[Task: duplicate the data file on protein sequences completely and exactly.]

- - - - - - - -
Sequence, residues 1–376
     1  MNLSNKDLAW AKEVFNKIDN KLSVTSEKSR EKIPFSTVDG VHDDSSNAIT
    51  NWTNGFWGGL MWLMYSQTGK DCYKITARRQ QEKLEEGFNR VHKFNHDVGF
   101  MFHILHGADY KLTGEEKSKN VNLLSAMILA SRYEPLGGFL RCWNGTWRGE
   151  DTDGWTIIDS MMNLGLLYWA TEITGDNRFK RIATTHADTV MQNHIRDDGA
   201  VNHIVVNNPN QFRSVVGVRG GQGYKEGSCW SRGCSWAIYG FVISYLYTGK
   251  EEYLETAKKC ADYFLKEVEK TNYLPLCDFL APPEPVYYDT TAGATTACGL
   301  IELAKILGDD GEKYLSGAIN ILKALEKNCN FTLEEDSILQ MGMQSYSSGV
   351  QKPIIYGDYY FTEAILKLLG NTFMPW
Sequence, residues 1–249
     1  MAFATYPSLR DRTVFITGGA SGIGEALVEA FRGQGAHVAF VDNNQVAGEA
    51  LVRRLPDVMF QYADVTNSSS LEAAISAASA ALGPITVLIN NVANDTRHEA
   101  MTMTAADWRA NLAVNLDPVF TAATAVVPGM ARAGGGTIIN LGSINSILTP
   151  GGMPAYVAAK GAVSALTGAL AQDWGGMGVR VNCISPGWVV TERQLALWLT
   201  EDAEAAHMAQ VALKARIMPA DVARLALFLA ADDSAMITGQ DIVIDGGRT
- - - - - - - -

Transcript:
Sequence, residues 1–376
     1  MNLSNKDLAW AKEVFNKIDN KLSVTSEKSR EKIPFSTVDG VHDDSSNAIT
    51  NWTNGFWGGL MWLMYSQTGK DCYKITARRQ QEKLEEGFNR VHKFNHDVGF
   101  MFHILHGADY KLTGEEKSKN VNLLSAMILA SRYEPLGGFL RCWNGTWRGE
   151  DTDGWTIIDS MMNLGLLYWA TEITGDNRFK RIATTHADTV MQNHIRDDGA
   201  VNHIVVNNPN QFRSVVGVRG GQGYKEGSCW SRGCSWAIYG FVISYLYTGK
   251  EEYLETAKKC ADYFLKEVEK TNYLPLCDFL APPEPVYYDT TAGATTACGL
   301  IELAKILGDD GEKYLSGAIN ILKALEKNCN FTLEEDSILQ MGMQSYSSGV
   351  QKPIIYGDYY FTEAILKLLG NTFMPW
Sequence, residues 1–249
     1  MAFATYPSLR DRTVFITGGA SGIGEALVEA FRGQGAHVAF VDNNQVAGEA
    51  LVRRLPDVMF QYADVTNSSS LEAAISAASA ALGPITVLIN NVANDTRHEA
   101  MTMTAADWRA NLAVNLDPVF TAATAVVPGM ARAGGGTIIN LGSINSILTP
   151  GGMPAYVAAK GAVSALTGAL AQDWGGMGVR VNCISPGWVV TERQLALWLT
   201  EDAEAAHMAQ VALKARIMPA DVARLALFLA ADDSAMITGQ DIVIDGGRT